Well, anyway that’s what Gretchen has done. “Let’s Get Together,” enjoin the most famous twins in American history at the Museum’s Hallow Eve Party, Friday, October 31, 1986. The Mütter connection is that they were autopsied by the College of Physicians of Philadelphia in 1874, and their joint liver (which made it impossible for them to be separated surgically while they were alive) now floats amiably in the Mütter’s collection.
Ghoulishly, the Mütter is reopening on a ghostly night, displaying what the same Boston graphics firm that did up “Miracle at Philadelphia” for the Bi-Cen of the Constitution has done to perk up their holdings. Chang and Eng, who came as together as it’s possible to be, were born in 1811 in Maklong, a small fishing village 60 miles from Bangkok in what was then called Siam (Thailand). In 1824, the British merchant Robert Hunter first saw them and eventually arranged to have them shipped to Boston on Captain Abel Coffin’s ship “Sachem.” He first “showed” them in London, but they decided to exhibit themselves when they got back to America in 1832. They became the centerpiece of P.T. Barnum’s Museum of Oddities in New York City, and toured the country with him during the mid-1830’s.
In 1839, they “retired” to become shopkeepers in Wilkesboro, North Carolina, and later farmers in nearby Trap Hill. On April 13, 1843, Chang married Adelaide Yates and Eng married her sister Sarah. They took the surname Bunker, after a friend. The Civil War wiped them out financially so they took to the road again, touring for a season in Europe with Major Henry London and then again with Barnum. In 1870, they returned to America where Chang had a paralytic stroke that affected one side. On January 17, 1874, Chang succumbed to a cerebral clot, and Eng died a few hours later, some think from fright. (Heh, this is a Halloween story!)
What a strange life. The band which joined them, which extended from the junction of the abdominal and thoracic cavities, grew in elasticity as they grew, so they were able to stand side by side and even back to back. Thus physically this allowed much freedom to do many sports and engage in farm work. But alas it did not permit them to avoid each other’s blows in their frequent quarrels. Chang was irascible and a heavy drinker, while Eng was good-natured and not a heavy drinker. (Oddly, Eng never felt the effects of Chang’s mean hangovers!)
They lived on two farms about a mile and a half apart, three days at each place alternately. When they died, the local physicians kept the bodies in good condition for two weeks by burying them in a coffin encased in tin in Eng’s cellar under a layer of powdered charcoal—waiting for the Philly physicians (Drs. William H. Pancoast and Harrison Allen) to arrive to do the autopsy. A plaster cast of their torso will enliven your Halloween party, which is a costume affair. Double daters might pass as a set of Siamese Twins. You get the idea!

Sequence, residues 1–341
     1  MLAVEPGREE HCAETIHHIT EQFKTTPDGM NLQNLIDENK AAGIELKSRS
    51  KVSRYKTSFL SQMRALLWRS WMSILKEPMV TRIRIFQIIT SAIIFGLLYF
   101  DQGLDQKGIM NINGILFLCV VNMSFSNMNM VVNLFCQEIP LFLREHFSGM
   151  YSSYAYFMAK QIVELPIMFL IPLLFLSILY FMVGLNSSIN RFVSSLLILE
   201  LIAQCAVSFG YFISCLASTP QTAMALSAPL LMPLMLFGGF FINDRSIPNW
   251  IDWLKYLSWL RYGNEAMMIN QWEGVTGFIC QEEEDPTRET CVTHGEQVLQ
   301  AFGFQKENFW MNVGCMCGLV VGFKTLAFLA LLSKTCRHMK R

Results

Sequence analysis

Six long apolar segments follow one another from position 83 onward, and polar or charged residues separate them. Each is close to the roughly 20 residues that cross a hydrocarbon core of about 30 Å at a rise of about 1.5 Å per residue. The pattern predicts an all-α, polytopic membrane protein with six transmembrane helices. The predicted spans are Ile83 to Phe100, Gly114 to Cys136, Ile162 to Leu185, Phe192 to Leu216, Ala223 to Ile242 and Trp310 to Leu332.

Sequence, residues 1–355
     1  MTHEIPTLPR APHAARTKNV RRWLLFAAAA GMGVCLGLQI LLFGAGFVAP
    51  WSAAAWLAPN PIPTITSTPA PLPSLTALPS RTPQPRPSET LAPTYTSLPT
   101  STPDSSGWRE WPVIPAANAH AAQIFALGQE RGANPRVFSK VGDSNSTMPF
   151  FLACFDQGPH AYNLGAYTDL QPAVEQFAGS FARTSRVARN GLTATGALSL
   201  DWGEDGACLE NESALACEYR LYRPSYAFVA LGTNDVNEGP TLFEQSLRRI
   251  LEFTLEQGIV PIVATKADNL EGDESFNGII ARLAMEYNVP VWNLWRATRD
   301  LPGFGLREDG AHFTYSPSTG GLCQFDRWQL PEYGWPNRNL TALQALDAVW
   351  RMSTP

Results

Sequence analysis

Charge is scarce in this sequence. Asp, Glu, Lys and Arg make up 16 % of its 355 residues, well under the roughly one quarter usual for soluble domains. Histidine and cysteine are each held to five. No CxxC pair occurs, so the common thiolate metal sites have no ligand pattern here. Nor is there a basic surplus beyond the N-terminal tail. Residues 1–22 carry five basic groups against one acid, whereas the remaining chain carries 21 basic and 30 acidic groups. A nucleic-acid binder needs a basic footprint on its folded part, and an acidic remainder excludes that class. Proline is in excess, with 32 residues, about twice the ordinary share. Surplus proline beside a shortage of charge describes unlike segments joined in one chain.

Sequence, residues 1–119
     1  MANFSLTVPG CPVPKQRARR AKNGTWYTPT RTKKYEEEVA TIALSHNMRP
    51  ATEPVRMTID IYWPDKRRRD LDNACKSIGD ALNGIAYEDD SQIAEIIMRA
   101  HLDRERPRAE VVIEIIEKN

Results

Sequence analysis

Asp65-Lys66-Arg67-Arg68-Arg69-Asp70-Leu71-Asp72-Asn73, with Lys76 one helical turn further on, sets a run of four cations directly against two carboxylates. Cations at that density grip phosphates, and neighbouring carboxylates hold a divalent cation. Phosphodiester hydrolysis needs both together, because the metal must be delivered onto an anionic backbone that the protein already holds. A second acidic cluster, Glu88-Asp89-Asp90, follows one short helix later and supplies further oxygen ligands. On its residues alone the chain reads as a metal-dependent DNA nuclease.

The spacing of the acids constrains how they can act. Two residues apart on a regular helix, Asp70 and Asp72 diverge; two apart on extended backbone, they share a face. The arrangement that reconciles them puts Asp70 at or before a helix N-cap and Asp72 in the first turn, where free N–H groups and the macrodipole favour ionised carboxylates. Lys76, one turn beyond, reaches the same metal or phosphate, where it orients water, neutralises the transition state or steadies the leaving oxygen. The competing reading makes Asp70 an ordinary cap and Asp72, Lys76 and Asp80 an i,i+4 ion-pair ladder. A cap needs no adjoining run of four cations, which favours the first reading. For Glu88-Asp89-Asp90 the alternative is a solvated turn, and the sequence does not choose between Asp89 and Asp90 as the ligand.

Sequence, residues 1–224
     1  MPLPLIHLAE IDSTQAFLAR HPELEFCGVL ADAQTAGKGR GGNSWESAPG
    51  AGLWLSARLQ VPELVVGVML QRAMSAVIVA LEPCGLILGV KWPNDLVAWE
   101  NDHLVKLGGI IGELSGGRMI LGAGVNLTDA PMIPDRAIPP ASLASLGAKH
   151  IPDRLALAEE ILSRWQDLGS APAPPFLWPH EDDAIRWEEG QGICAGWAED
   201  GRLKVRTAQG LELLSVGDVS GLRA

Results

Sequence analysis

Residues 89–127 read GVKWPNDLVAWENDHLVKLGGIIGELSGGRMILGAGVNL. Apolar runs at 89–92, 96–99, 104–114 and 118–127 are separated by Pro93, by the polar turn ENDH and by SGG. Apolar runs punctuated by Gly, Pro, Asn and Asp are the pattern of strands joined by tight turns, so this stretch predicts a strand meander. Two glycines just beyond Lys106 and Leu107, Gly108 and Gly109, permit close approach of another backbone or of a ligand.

The Mütter is not all ghouls and games, by a long shot. In 1787, twenty-four of the leading physicians of the city banded together to gather scientific and medical knowledge from America and abroad, to promote the use of this knowledge for the public welfare, and to encourage the highest standards of professional practice and conduct among its members and their colleagues.
In 1858, Dr. Thomas Dent Mütter formally donated his unique collection to the College, although it was not open to the public until it was installed in the College’s then new quarters at 13th and Locust. Mütter had been a popular professor of surgery at Jefferson Medical College from 1841-56, and he gathered this outstanding collection of anatomical and pathological specimens and models to support his teaching. Upon his retirement in 1856, he expressed a wish to found a “pathological museum” open to all physicians and medical students without charge “to serve at once the cause of science and humanity” and to repay the profession which had been so good to him.
The College of Physicians remained true to Mütter’s charge by adding over the years more specimens as well as medical, dental, pharmacological and nursing instruments that illustrate the evolving history of health care in Philadelphia. Its reach extends as well to both folk medicine and quackery. Are you into skeletons? They have a dwarf’s (3’ 6”) and a giant’s (7’ 6”). Are you into crania? Eggheads of the Delaware Valley unit: they have 139 skulls; assembled by a Viennese physician to show anatomical variations. Not to forget the tumor removed from President Grover Cleveland’s jaw in 1893 (the operation was secret for reasons of state security).
Cocktails (no formalin used) from 6:30-7:45 p.m. cost $25; the dinner and dancing (8 p.m. on, Scott Joplin & Friend provide the music) is $100 per skeleton, $75 tax-deductible. RSVP by October 24, 561-6050 x 42. (Otherwise free, Tuesdays-Fridays, 10-4.)